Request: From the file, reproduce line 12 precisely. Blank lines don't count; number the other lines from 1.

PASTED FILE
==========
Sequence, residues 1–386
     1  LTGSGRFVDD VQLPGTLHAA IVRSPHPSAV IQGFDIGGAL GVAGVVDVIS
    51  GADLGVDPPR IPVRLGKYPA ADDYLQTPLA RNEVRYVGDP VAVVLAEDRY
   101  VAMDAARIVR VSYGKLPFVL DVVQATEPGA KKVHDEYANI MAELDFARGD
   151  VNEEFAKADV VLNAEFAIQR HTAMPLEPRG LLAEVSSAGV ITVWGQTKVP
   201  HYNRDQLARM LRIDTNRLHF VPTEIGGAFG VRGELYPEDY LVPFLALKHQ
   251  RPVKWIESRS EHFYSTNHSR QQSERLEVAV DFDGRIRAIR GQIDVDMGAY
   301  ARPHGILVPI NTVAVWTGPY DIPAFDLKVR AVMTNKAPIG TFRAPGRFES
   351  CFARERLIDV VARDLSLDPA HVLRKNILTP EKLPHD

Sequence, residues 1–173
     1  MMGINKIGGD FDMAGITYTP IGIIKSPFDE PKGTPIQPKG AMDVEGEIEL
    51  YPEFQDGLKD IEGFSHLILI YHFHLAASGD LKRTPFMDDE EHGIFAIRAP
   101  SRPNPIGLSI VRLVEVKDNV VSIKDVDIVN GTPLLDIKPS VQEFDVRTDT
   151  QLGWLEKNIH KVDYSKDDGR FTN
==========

    51  YPEFQDGLKD IEGFSHLILI YHFHLAASGD LKRTPFMDDE EHGIFAIRAP